This so called diagnosis isn't really life changing for us. Josh was ADHD & Dyslexic. Ashley was ADD & Dyslexic. But it is the sensory issues that have brought more disruption than anything else. It is another new normal for us. It is a new mindset towards his behavior. His "episodes" are not always because of rebellious behavior. He isn't just picky. He isn't trying to be difficult. There is more to it than that & I am glad we finally know what it is.
|Sam & I enjoyed a smoothie after his appointment.|
He is old enough now to put words & explanation to these querks and I am getting a glimpse into this sweet little boys distorted mind. He is full of anxiety & fear. He is afraid of the unknown...who isn't? But his mind tries to convince him of things that are completely untrue.
When I would pour water over his head in the bathtub he thought I would drown him. When I asked him about it he said, "I know you would never do that, but when you pour water on my head I think I will drown and that scares me."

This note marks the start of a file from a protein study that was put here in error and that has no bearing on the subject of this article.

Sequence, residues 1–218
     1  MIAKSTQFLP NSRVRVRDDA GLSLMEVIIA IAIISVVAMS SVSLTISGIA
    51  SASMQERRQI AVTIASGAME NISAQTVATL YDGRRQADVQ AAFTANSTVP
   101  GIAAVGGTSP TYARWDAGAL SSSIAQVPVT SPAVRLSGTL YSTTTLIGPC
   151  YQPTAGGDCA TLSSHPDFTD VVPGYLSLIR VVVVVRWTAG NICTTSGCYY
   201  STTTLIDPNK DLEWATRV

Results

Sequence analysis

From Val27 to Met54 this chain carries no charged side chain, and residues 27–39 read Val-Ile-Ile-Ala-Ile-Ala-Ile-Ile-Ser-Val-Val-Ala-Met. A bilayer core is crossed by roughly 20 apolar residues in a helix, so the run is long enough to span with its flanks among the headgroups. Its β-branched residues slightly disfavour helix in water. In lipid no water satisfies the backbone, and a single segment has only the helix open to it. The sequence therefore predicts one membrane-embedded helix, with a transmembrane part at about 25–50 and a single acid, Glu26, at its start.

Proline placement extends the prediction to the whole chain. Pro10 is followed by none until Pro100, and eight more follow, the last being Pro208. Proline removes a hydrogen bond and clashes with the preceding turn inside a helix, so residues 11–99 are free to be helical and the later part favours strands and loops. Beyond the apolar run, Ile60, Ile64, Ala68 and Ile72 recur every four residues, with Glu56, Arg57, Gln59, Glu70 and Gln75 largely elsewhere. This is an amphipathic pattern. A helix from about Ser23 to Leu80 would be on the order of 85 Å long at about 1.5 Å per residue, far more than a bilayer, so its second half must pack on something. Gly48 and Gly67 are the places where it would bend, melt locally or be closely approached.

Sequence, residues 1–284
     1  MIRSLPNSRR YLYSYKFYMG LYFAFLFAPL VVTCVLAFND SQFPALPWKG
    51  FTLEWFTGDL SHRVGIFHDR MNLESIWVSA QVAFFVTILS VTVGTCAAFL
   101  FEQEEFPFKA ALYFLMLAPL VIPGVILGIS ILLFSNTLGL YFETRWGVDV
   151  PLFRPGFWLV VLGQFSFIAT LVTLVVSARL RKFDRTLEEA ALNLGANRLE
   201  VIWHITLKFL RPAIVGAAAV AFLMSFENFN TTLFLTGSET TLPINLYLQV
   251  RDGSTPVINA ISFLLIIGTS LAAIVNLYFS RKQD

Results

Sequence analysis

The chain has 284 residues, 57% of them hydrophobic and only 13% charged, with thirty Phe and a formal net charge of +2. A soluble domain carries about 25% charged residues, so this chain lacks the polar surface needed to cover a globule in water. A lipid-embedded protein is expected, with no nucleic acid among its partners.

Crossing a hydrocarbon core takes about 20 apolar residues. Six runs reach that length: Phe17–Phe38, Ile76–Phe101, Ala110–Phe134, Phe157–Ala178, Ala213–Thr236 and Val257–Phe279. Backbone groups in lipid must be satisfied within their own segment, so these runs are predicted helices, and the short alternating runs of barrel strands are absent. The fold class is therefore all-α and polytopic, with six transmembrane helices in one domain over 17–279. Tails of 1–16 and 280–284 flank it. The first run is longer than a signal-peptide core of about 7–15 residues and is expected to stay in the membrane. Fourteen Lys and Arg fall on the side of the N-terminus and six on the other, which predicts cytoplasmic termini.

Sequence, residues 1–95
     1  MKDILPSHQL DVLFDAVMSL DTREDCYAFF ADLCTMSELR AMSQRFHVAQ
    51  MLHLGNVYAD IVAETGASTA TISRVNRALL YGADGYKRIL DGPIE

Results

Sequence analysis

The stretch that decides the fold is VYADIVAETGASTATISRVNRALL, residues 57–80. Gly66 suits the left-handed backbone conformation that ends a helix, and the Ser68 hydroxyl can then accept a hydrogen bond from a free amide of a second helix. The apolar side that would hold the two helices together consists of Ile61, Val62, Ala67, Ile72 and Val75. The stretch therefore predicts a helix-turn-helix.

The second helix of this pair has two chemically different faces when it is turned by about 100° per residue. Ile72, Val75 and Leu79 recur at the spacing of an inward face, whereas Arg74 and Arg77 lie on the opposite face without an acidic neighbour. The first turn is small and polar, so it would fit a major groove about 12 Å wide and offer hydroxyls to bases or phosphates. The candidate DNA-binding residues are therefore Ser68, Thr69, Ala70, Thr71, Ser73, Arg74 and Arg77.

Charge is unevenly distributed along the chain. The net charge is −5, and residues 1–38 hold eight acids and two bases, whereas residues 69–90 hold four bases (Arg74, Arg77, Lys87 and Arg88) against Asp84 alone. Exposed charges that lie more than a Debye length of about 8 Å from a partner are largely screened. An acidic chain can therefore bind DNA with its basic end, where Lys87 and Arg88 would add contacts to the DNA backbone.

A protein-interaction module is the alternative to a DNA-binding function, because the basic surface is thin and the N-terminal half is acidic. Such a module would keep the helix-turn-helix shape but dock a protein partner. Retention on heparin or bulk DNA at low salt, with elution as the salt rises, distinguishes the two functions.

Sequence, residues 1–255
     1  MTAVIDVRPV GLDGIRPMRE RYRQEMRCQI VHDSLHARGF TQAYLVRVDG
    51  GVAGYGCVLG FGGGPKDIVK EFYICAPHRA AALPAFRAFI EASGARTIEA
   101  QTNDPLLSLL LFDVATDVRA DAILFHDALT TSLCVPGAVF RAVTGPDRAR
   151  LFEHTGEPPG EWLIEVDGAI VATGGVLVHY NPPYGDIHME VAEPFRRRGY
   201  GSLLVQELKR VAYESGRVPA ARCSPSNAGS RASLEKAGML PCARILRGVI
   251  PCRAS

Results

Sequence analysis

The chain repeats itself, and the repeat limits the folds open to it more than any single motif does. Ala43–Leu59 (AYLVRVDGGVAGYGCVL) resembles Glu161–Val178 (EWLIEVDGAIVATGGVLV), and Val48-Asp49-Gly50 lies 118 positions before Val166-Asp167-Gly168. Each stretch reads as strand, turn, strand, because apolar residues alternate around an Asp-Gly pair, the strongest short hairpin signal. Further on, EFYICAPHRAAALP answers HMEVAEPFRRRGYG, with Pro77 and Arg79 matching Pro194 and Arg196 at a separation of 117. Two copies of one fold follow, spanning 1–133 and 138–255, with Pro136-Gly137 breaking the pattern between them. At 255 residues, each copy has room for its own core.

He is super sensitive to touch. No tags in the shirts. Socks are often wore inside out because they bother his feet. He hates the way his hands feel when he runs water over them to wash his hands. He hates sudden loud noises. He doesn't like for people to touch him, but he will touch anybody, anytime he wants. He won't eat if he thinks someone else has touched his food or if his food will make his hands dirty.
When Sam was a baby, I could put him in a baby wrap & wear him. He loved it. Even if he wasn't sleepy, if I put him in it, he would immediately calm down and go to sleep. Now, when he is upset or acting out all I have to do is come up behind him, wrap my arms around him and hold him tight and he calms down.
So, what are we doing?
The first thing we did was change his diet. Taking high fructose corn syrup and dyes out of his diet made an immediate difference. He is sugar sensitive which means when he has sugar or other sweetners other than Agave syrup or Stevia he becomes hyper and sometimes aggressive. He says, "Sugar makes me crazy". I am looking more deeply into the Feingold diet to see if this is something we can do that will help him even more.